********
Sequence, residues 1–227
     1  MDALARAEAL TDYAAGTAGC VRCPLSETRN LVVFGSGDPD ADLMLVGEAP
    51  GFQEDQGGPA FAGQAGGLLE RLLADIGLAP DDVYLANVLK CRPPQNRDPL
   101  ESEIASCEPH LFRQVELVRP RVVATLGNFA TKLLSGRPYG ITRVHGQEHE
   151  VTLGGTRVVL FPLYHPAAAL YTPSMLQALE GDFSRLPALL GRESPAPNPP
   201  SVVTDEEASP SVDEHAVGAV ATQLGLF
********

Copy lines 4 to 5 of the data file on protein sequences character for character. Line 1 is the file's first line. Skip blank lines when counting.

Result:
   101  ESEIASCEPH LFRQVELVRP RVVATLGNFA TKLLSGRPYG ITRVHGQEHE
   151  VTLGGTRVVL FPLYHPAAAL YTPSMLQALE GDFSRLPALL GRESPAPNPP